Std Dev 23.56% 7.97% 25.29% 22.00% 23.80% 32.40% 15.56% 7.50% 17.25% 13.10% 6.60% 14.10%
Sharpe R 15.28% 0.00% 23.73% 0.00% 0.00% 1.23% -25.71% 32.02% -34.78% -7.63% 22.73% -14.18%
Panel D: ranking period of 12 months
Mean 1.20% 0.00% 2.40% 0.00% 0.80% 0.00% -2.00% 2.20% -4.00% -2.00% 3.10% -5.00%
Prob* 0.685 0.5578 0.5614 0.6625 0.1638 0.3901 0.0432 <.0001 0.0001 0.0007 <.0001 <.0001
Std Dev 22.17% 7.62% 23.21% 20.20% 6.80% 21.20% 14.85% 6.22% 15.98% 10.80% 8.30% 12.50%
Sharpe R 5.41% 0.00% 10.34% 0.00% 11.76% 0.00% -13.47% 35.36% -25.03% -18.52% 37.35% -40.00%
MMT refers to momentum. Mean and standard deviation are annualized by multiplying by 250 and
250 respectively.
55
Table 17: Summary statistics of momentum trading returns, calendar spread that
longs the 1st-nearby futures and shorts the 12-month futures, bi-weekly data
Holding period of 1 month Holding period of 3 month Holding period of 6 month Holding period of 12 month
Winner Loser MMT Winner Loser MMT Winner Loser MMT Winner Loser MMT
Panel A: ranking period of 1 month
Mean 42.00% -36.00% 76.80% 25.20% -20.00% 43.60% 11.40% -4.00% 16.00% 6.00% -2.00% 8.20%
Prob* <.0001 <.0001 <.0001 <.0001 <.0001 <.0001 <.0001 0.0022 <.0001 <.0001 0.0068 <.0001
Std Dev 27.71% 24.25% 35.33% 31.00% 19.00% 35.20% 24.75% 21.50% 30.97% 22.70% 16.30% 27.50%
Sharpe R 151.55% -148.46% 217.36% 81.29% -105.26% 123.86% 46.06% -18.61% 51.66% 26.43% -12.27% 29.82%
Panel B: ranking period of 3 months
Mean 27.60% -24.00% 46.80% 13.60% -4.00% 17.20% 4.80% 1.20% 3.60% 2.10% 0.40% 1.70%
Prob* <.0001 <.0001 <.0001 <.0001 0.0005 <.0001 0.0069 0.4157 0.1061 0.068 0.6227 0.2149
Std Dev 30.14% 22.52% 37.76% 31.80% 11.40% 34.60% 25.31% 20.93% 31.82% 23.30% 15.70% 28.00%
Sharpe R 91.58% -106.59% 123.94% 42.77% -35.09% 49.71% 18.96% 5.73% 11.31% 9.01% 2.55% 6.07%
Panel C: ranking period of 6 months
Mean 19.20% -12.00% 27.60% 6.40% -4.00% 9.20% 1.00% 1.40% 0.00% -1.00% 2.40% -4.00%
Prob* 0.0007 0.0031 <.0001 0.0293 0.0376 0.0031 0.6032 0.1948 0.8646 0.2535 0.002 0.0068
Std Dev 32.22% 17.32% 36.03% 29.40% 14.20% 31.60% 26.02% 14.42% 30.12% 22.30% 15.50% 27.10%
Sharpe R 59.60% -69.28% 76.61% 21.77% -28.17% 29.11% 3.84% 9.71% 0.00% -4.48% 15.48% -14.76%
Panel D: ranking period of 12 months
Mean 13.20% 0.00% 15.60% 4.80% 0.80% 3.60% 1.00% 3.80% -2.00% -2.00% 5.30% -7.00%
Prob* 0.0172 0.2755 0.0086 0.0867 0.5081 0.2215 0.5549 0.0001 0.1745 0.1119 <.0001 <.0001
Std Dev 31.18% 14.90% 34.29% 28.00% 14.40% 31.40% 25.46% 14.00% 28.85% 20.60% 17.90% 25.70%
Sharpe R 42.34% 0.00% 45.49% 17.14% 5.56% 11.46% 3.93% 27.14% -6.93% -9.71% 29.61% -27.24%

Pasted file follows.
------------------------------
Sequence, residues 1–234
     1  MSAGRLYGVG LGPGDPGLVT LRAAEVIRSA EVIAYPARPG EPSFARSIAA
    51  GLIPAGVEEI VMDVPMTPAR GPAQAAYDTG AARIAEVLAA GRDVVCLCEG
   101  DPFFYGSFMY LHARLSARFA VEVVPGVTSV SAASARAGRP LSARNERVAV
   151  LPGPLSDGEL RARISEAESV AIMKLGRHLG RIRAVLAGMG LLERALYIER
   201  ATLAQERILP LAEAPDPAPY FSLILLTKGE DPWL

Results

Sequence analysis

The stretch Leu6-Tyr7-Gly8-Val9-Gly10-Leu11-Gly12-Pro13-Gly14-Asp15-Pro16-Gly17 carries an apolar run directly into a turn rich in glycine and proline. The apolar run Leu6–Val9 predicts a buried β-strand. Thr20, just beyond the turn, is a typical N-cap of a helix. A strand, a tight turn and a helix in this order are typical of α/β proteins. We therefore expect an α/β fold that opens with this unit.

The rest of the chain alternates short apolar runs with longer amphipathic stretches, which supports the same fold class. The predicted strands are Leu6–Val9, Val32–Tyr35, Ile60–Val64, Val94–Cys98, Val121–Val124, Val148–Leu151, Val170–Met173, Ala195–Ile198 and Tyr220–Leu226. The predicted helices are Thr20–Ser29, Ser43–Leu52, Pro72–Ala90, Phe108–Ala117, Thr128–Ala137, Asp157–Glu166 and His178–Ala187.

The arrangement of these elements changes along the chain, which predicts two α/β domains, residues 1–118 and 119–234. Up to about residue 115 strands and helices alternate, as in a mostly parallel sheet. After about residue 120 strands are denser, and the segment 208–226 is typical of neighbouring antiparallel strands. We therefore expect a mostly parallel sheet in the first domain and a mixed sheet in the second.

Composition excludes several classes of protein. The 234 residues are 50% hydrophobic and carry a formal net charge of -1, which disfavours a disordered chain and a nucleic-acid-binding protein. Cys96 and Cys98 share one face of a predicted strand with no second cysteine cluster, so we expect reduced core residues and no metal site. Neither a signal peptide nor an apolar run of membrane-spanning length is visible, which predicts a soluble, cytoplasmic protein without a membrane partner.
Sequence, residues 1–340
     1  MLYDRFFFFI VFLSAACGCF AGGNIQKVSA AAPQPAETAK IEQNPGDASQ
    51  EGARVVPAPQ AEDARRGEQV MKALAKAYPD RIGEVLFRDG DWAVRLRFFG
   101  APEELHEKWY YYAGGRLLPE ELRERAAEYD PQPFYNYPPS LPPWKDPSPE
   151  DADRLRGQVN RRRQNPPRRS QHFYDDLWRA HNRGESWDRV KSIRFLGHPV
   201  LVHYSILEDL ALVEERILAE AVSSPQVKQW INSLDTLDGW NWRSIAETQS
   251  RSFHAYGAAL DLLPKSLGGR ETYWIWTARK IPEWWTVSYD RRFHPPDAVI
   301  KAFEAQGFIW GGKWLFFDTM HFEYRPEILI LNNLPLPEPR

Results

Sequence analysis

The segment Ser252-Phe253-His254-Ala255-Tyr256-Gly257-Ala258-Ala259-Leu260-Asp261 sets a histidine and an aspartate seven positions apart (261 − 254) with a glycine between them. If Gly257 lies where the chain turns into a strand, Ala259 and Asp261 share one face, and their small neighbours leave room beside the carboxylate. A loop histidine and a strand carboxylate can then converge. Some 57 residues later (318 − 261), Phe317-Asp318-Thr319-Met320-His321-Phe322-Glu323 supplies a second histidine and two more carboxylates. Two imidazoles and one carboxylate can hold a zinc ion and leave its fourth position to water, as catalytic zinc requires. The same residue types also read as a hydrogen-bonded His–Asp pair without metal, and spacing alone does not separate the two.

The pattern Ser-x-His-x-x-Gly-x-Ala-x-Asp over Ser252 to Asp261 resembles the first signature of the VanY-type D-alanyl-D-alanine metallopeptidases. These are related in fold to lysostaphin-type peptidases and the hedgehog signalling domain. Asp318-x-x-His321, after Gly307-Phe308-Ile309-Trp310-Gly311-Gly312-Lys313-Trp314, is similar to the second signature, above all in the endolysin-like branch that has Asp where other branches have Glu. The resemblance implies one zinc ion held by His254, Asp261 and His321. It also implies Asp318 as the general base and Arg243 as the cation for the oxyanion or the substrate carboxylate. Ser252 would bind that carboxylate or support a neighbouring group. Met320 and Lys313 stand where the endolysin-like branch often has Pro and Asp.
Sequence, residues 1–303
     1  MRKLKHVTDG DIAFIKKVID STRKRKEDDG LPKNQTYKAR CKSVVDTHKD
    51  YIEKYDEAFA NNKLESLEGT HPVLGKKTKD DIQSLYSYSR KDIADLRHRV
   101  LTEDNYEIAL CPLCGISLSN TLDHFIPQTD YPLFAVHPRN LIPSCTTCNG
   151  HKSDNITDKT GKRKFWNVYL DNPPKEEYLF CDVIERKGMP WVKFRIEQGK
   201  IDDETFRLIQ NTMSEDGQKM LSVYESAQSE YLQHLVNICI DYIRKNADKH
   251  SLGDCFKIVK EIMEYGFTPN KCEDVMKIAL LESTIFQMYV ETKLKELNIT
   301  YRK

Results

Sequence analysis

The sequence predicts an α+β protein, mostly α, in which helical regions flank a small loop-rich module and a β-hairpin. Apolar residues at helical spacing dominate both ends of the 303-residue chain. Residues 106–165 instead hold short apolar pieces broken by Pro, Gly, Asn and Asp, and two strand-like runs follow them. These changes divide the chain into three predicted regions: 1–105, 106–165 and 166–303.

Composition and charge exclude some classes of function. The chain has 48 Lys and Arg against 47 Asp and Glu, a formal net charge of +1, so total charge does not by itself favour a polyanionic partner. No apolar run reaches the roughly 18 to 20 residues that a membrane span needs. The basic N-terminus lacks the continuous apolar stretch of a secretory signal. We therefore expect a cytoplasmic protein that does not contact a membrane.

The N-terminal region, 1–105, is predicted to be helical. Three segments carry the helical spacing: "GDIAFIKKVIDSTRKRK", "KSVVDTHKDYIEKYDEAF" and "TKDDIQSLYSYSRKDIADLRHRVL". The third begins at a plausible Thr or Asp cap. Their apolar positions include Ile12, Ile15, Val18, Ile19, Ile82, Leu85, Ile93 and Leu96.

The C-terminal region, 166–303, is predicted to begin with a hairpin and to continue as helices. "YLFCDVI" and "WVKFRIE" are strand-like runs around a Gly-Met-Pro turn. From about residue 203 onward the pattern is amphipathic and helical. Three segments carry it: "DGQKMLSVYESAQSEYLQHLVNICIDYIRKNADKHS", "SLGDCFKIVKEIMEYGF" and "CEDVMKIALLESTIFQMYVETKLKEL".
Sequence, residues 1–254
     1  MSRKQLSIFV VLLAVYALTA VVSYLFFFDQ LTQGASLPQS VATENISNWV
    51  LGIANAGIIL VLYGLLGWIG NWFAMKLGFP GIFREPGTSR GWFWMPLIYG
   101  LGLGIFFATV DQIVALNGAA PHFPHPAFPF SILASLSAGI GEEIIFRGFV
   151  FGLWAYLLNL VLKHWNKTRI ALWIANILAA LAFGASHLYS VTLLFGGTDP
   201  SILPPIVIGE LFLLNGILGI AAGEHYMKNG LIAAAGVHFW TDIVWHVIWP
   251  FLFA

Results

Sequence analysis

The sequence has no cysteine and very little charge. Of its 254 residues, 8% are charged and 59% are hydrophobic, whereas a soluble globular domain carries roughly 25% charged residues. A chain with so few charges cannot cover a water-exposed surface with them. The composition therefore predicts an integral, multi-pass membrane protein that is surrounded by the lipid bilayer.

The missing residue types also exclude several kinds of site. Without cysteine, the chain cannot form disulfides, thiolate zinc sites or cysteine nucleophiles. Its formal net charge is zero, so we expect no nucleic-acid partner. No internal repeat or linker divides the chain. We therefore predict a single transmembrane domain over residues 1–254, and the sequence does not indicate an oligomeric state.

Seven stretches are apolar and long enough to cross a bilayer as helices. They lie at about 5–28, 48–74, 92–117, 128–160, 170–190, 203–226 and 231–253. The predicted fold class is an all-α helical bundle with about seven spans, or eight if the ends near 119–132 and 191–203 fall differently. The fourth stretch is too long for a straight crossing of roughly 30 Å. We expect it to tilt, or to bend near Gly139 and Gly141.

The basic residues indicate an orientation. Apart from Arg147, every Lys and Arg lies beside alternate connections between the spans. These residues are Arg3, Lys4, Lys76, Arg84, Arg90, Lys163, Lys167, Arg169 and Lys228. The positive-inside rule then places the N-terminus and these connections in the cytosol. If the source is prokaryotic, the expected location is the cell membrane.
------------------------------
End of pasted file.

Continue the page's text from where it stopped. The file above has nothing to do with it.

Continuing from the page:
MMT refers to momentum. Mean and standard deviation are annualized by multiplying by 250 and
250 respectively.
56
Table 18: Estimate of momentum trading returns with the 1st-nearby futures vs
convenience yield, net hedging pressure and monthly dummies, bi-weekly data
Holding period of 1
month
Holding period of 3
month
Holding period of 6
month
Holding period of 12
month
Long
Winner
Short
Loser
Long
Winner
Short
Loser
Long
Winner
Short
Loser
Long
Winner
Short
Loser
Panel A: ranking period of 1 month
Variable
Intercept 0.0190 0.0543 0.0311 0.0807 0.0490 0.0595 0.0753 0.0533
(0.1253) (<.0001)*** (0.1391) (<.0001)*** (0.1135) (0.0249)** (0.0748)* (0.1296)
CY3MONTH 0.4123 0.4727 0.5175 0.3895 0.9506 -0.1883 1.3192 -0.4617
(0.0225)** (<.0001)*** (0.0906)* (0.0248)** (0.0348)** (0.4733) (0.032)** (0.1857)
HP 0.0440 -0.0964 0.1434 -0.1359 0.1469 -0.1329 0.1550 -0.1396
(0.014)** (<.0001)*** (<.0001)*** (<.0001)*** (<.0001)*** (0.0004)*** (0.011)** (0.0049)***
Panel B: ranking period of 3 months
Variable
Intercept 0.0016 0.0501 -0.0106 0.0402 -0.0044 0.0218 0.0077 0.0083
(0.9007) (<.0001)*** (0.6505) (0.0308)** (0.8903) (0.3963) (0.8573) (0.8093)
CY3MONTH 0.4717 0.4158 1.4735 0.3379 2.2020 0.3270 1.4925 -0.5818
(0.0153)** (0.0002) (<.0001)*** (0.0553)* (<.0001)*** (0.1799) (0.0202)** (0.073)*
HP 0.0339 -0.0724 0.0891 -0.1543 0.1101 -0.1665 -0.0456 -0.0991
(0.0625)* (<.0001)*** (0.0066)*** (<.0001)*** (0.015)** (<.0001)*** (0.4482) (0.047)**
Panel C: ranking period of 6 months
Variable
Intercept -0.0228 0.0219 -0.0385 0.0311 -0.0040 0.0167 -0.0671 -0.0771
(0.1168) (0.0378)** (0.1125) (0.0593)* (0.9065) (0.4569) (0.1081) (0.0175)**
CY3MONTH 0.4152 0.0426 0.9454 0.1601 2.0764 0.1193 2.7722 -0.6207
(0.048)** (0.7499) (0.0071)*** (0.443) (<.0001)*** (0.6754) (<.0001)*** (0.1309)
HP 0.0446 -0.0853 0.0929 -0.1680 0.1111 -0.1795 0.0066 -0.1803
(0.0286)** (<.0001)*** (0.0063)*** (<.0001)*** (0.0193)** (<.0001)*** (0.9105) (0.0003)***
Panel D: ranking period of 12 months
Variable
Intercept -0.0034 0.0177 0.0058 0.0369 -0.0026 -0.0102 -0.0689 -0.1035